Fair representation of Black people in recruitment process

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2019 National Black Members' Conference
11 September 2018
Carried as Amended

In 2009, the Department for Work and Pensions embarked on an experiment to understand the scarcity of non white faces in top managerial post in UK’s organisations. 2,000 fake job applications were created in response to 1,000 real vacancies across multiple sectors, professions and pay grades. Similar CVs – one with a “traditional Anglo-Saxon” name and one with a name that appeared to come from a migrant community – were sent to employers.

This bold initiative was met with resistance from image conscious business leaders who labelled the experiment “unethical”.

“A waste of taxpayers’ cash” was the label given by Theresa May, who was the Conservative shadow minister for work and pensions at the time.

The results conclusively showed that applicants with white, British-sounding names were far more likely to be called to interview for a position than those whose names were of other heritage.

Nine years later, it perhaps comes as no surprise, that there continues to be a dramatic under-representation of Black people in Britain’s top managerial posts or positions of power. Research conducted last year by the Guardian and Operation Black Vote found just 3.5 percent non-white faces at the top of the UK’s leading 1,000 plus organisations, compared with 12.9 percent in the general population. The lack of representation is much worse along gender lines, as it found women occupied less than a quarter of the 3.5 percent.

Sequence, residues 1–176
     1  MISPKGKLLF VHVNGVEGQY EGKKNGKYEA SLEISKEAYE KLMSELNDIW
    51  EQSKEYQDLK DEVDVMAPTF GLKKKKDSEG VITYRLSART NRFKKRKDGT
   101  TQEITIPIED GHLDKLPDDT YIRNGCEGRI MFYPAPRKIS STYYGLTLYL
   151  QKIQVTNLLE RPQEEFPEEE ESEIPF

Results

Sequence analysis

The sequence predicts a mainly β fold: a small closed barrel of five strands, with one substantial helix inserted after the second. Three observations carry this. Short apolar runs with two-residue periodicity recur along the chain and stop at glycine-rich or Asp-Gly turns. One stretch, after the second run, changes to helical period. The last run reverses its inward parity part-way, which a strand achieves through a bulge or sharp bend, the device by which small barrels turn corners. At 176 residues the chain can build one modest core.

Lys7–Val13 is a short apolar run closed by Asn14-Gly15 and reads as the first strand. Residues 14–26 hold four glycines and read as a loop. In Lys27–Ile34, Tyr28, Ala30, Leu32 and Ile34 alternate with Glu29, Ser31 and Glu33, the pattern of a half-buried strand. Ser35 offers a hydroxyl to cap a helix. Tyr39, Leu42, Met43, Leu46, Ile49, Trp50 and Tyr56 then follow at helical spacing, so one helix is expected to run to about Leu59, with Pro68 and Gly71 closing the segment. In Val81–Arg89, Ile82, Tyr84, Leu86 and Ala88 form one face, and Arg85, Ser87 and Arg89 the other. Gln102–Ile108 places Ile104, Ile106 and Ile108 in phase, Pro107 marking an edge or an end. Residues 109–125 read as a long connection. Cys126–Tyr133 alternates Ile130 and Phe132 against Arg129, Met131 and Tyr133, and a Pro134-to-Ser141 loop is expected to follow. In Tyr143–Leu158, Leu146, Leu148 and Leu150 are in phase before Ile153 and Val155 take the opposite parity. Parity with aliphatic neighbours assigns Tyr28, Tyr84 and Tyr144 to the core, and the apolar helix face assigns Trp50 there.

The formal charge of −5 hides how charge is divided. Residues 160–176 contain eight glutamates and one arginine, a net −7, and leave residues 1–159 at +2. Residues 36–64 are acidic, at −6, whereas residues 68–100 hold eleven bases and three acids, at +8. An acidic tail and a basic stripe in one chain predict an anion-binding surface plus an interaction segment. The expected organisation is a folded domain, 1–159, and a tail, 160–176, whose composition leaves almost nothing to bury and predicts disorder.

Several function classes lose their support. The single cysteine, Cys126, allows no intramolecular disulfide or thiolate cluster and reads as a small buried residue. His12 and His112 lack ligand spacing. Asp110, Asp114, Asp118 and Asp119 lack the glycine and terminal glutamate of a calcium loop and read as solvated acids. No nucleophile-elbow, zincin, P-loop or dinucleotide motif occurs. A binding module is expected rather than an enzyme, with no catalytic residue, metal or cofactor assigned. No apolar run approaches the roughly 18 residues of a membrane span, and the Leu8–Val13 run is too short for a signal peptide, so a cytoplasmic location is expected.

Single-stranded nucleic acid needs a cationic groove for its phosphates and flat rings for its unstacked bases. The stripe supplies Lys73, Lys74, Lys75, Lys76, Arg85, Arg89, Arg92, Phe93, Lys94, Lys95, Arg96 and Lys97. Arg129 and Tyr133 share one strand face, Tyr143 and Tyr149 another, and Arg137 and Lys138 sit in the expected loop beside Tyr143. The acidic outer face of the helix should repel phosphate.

In her independent review of race in the workplace, Baroness McGregor-Smith found that Black people are much more likely to be found as overqualified for their jobs than white colleagues, who frequently advance in promotion with ease. This shows that the credentials, experience or potential of those who identify as Black members is not necessarily lacking in abundance, but it is disturbingly lacking in support.

Conference is clear that many of our Black members continue to experience unfair representation in recruitment. Its not a glass ceiling keeping them down but a concrete one. There is also a lack of mentoring or career development. Black members who are able to develop their skills and are being rebuffed in the recruitment for managerial roles are given more responsibilities according to their skills but are still disproportionately paid.

Conference instructs the National Black Members Committee to:

1)Work with the bargaining unit to produce guidelines for regions and branches on how to negotiate inclusive and fairer recruitment and selection polices with employers;

2)Consider how to motivate public service employers to improve career progression for Black staff;

3)Approach UNISON’s Learning & Organising Services and discuss how best to support Black members to acquire the relevant skills to aspire for managerial positions.